In a world where data loss is costing organisations millions of dollars in fines, there is not one organisation who should not have data protection at the top of their agenda – especially in the current climate with workers spread more remotely than ever. The trouble with the security software landscape today is that many solution providers are promising “one-size-fits-all” tools; something that on the surface can offer everything your organisation needs but are often too good to be true.
The challenges with “one-size-fits-all” solutions
Many businesses, when observed from the outside, can appear to have similar problems that need to be resolved. However, when you really delve into their processes, almost every medium to large organisation is unique. Each will operate against slightly different regulatory frameworks and use different tools to achieve their goals. Many will have also grown, some through acquisition, or experienced growth at different times, with the result that their equipment and infrastructure is peculiar to them.
I think the biggest single failure in large corporates is that the annual budget cycle, and the need to
respond to market conditions, often makes security an afterthought. Against this background, the CISOs and CDOs are trying to combat well established would-be hackers and meet the requirements of an increasingly onerous regulatory and compliance regime. They then need to explain these issues to their senior management in order to get the appropriate funding. After all of this, you can see why there is a temptation to reach out for a labour-saving miracle cure; skipping the planning stages and going straight in with packaged products which promise the capability to do everything.
The problem with this is that they are committing large parts of their budget to a solution that can lack the bespoke tailoring needed in order to meet their specific requirements. They are also often focusing on the high-profile issues such as data theft by nation state actors (hacking) and forgetting, or ignoring, the fact that roughly 50% of data loss is leakage through human error. People simply make mistakes whilst trying to get their day jobs done under pressure, and events like COVID-19 enhance this. We are all now using tools that we may not be familiar with, and the training that is required to make sure your user community does not leak sensitive information when using them can be much more difficult when working remotely. There is a lot of sensitive information now being shared from unstructured data sources and via insecure channels; it may be going via email to a number of different people before being stored in the structured environment, such as a HR database, that it was meant for.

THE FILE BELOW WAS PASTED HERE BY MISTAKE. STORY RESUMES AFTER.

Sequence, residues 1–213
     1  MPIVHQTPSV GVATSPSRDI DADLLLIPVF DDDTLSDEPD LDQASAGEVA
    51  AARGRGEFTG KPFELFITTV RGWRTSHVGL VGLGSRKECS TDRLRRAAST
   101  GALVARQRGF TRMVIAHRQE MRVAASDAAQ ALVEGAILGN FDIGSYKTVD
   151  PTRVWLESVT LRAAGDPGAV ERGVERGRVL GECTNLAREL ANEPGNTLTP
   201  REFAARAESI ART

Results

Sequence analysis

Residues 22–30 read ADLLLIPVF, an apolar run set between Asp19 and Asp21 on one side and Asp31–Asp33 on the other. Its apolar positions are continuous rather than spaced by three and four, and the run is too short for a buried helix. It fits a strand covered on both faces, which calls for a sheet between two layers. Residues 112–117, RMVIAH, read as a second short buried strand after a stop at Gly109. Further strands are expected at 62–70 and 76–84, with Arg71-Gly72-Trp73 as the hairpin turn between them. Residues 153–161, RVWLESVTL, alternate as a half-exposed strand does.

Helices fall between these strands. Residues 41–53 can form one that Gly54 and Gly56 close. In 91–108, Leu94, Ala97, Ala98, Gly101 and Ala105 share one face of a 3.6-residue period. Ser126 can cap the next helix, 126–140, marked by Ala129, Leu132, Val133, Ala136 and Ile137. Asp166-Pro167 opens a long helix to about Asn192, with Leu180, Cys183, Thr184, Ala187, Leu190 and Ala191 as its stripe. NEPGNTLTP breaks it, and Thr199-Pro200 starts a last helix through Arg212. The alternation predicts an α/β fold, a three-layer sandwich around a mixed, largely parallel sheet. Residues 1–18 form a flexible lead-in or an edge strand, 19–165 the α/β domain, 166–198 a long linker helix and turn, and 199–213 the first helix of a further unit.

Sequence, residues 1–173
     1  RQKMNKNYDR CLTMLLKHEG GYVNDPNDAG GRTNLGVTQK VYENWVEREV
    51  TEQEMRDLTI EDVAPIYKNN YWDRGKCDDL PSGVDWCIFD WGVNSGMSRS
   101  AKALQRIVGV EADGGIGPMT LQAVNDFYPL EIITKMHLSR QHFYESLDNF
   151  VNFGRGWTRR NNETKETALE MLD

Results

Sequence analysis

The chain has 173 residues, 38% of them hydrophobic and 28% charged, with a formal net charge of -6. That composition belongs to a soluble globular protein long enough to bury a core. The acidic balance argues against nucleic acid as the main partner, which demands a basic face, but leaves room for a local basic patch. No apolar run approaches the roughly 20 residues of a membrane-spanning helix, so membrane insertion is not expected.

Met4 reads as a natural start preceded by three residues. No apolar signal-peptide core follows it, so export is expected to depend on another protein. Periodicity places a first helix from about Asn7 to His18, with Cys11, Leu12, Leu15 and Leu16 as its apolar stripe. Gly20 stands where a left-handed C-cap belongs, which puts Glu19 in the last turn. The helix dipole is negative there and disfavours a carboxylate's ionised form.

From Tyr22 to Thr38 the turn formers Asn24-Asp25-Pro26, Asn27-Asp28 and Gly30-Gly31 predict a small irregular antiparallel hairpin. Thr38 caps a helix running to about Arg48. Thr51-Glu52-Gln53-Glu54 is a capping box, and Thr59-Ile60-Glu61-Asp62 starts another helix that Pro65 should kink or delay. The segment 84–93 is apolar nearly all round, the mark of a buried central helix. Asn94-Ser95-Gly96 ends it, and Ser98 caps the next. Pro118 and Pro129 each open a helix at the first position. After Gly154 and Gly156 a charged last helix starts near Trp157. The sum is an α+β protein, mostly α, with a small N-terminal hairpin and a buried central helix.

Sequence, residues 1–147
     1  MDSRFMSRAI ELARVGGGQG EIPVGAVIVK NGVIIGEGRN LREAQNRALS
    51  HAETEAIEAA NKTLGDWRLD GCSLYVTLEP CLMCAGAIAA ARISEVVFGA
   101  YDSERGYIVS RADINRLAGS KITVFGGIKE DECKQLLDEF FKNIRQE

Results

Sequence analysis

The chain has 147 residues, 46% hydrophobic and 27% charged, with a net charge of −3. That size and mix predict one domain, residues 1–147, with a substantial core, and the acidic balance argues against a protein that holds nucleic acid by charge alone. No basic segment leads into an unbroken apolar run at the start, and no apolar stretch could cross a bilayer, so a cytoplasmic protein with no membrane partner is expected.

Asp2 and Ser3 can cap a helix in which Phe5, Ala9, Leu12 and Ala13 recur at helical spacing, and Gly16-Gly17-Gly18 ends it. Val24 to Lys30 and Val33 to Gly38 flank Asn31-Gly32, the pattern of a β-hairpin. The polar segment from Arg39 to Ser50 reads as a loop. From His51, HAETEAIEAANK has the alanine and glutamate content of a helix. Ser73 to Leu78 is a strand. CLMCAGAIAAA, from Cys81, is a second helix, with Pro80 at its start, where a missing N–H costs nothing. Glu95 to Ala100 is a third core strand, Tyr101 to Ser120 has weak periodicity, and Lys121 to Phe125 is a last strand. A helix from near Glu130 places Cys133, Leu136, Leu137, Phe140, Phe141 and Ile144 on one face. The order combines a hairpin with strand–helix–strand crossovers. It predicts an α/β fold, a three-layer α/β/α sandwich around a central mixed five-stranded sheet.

However, we know that any security control implemented in an organisation imposes operating constraints on the business, so the tools need to work as a whole in the exact way you need – not the way that someone thinks you should work to be worth the investment. For example, badly deployed DLP, or overly aggressive post-delivery controls, can make the organisation lose faith in the solution and make you roll back even the sensible controls you have in place.
GDPR mandates Security by Design